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Human Resources: Job Options

The field of human resources management offers a rich set of potential career options. These include:

Recruiting and Placement Managers
Search for promising job candidates through advertisements, employment agencies, search firms, college campuses, and even from competing firms. Recruiters tend to be more involved with the search process, while interviewers talk to job applicants and administer and interpret tests. Some make the final hiring decisions. Others are involved with internal placement, transfers, promotions and firings. Jobs include: recruiter, college recruiter, interviewer, headhunter, test administrator, employment manager.

Development and Training Specialists
Analyze, plan, develop, coordinate, and conduct training and orientation for all levels in the organization. Trainers help educate employees in necessary job skills and for advancement. They also create training manuals, procedures, and training aids for the organization. Training programs can range from sales techniques to safety issues, and from computer skills to team building. Jobs include: counselor, career planner, recruiter, junior training specialist, senior training specialist, technical recruitment specialist, orientation specialist.

Compensation specialists
Develop and administer job evaluation systems; write job descriptions; manage wage and salary systems; design and administer incentives, stock options, and deferred compensation; and conduct executive programs. Jobs include: compensation analyst, salary administrator, executive compensation manager, compensation manager, EEO administrator.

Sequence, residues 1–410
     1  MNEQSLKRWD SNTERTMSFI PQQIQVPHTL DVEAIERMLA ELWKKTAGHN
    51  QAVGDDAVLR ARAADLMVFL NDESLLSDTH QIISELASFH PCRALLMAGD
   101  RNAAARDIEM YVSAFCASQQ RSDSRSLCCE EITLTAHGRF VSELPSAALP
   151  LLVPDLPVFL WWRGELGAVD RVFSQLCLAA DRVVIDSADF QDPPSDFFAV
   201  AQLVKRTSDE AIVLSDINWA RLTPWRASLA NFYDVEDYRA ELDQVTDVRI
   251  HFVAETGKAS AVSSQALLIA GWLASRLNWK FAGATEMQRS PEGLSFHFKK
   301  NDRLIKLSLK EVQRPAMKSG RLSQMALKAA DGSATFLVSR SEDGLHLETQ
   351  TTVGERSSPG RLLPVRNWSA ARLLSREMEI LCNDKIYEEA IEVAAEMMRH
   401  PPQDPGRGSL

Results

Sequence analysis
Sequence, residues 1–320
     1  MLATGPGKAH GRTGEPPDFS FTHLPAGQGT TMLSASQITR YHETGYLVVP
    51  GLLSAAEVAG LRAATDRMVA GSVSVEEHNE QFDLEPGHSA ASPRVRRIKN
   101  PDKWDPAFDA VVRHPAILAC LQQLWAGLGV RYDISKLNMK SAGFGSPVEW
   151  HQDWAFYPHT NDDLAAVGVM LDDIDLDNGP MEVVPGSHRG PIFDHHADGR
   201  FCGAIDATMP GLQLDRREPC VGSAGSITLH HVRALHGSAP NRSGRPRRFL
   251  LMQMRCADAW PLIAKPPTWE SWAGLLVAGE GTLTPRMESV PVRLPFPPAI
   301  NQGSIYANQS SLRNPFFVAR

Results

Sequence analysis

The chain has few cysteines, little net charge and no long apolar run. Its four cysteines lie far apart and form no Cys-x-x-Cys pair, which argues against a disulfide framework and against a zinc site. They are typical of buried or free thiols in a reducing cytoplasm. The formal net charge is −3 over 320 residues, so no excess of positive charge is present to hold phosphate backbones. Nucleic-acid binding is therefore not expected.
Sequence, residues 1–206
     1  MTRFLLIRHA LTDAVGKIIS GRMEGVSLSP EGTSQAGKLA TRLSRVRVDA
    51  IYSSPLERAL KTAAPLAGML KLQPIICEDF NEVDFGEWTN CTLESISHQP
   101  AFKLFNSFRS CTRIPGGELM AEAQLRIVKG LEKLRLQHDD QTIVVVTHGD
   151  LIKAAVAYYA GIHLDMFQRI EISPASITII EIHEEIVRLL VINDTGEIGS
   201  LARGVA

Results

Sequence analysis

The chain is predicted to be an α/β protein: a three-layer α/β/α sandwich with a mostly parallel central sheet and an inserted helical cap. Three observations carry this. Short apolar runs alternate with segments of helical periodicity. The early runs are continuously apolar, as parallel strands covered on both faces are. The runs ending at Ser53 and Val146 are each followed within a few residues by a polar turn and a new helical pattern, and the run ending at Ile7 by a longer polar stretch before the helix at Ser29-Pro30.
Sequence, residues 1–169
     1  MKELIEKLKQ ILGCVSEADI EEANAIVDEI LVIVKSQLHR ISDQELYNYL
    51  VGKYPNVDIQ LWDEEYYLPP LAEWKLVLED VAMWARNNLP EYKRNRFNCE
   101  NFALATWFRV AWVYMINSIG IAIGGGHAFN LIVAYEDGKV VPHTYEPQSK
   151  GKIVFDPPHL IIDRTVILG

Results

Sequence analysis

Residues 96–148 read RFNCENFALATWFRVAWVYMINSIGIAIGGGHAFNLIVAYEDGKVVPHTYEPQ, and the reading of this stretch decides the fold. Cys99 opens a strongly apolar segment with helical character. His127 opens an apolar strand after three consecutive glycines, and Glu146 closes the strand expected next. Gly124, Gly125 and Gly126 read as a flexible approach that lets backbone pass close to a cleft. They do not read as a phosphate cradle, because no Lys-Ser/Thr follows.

Benefit specialists
Benefit specialists provide information and counseling to employees concerning fringe benefits offered. They also analyze benefit plan costs and effectiveness. Jobs include: benefits administrator, benefits planning analyst, group insurance manager, employee assistance program manager.

Employee and Labor Relations Supervisors
Establish and maintain employee-management relationships. Employee relation specialists deal with quality of work life programs and employee grievances; while labor relations specialists deal with union contracts, negotiate collective bargaining agreements, and handle formal union-negotiated grievance procedures. Jobs include: labor relations specialist, employee counselor, mediator, arbitrator, director of industrial relations.

Health, Safety, and Security Specialists
Develop health and safety programs; conduct safety inspections; collect accident data and report safety records; prepare government reports; maintain contacts as needed with government security agencies like local police and the federal Department of Homeland Security. Jobs include: safety specialist, security specialist, industrial nurse, employee welfare managers.

Other HR Specialists
Work for private employment agencies, governmental agencies, executive search firms, outplacement firms, HR consulting firms. Jobs include: human resource information system specialist, employee assistance counselor, employee assistance program manager, employee communications director, equal employment opportunity representative, affirmative action coordinator, outplacement consultant.



HR Overview | Skills & Talents | Job Options | Salaries | Facts & Trends


"As for the genius of innovation, clearly the one percent spark of inspiration is nurtured by a positive culture. But the 99 percent perspiration ingredient comes from employees who love what they do, as well as where they do it, and who invest in that Holy Grail of productivity called “discretionary effort.”

Stephanie Quappe, David Samso Aparici, Jon Warshawsky


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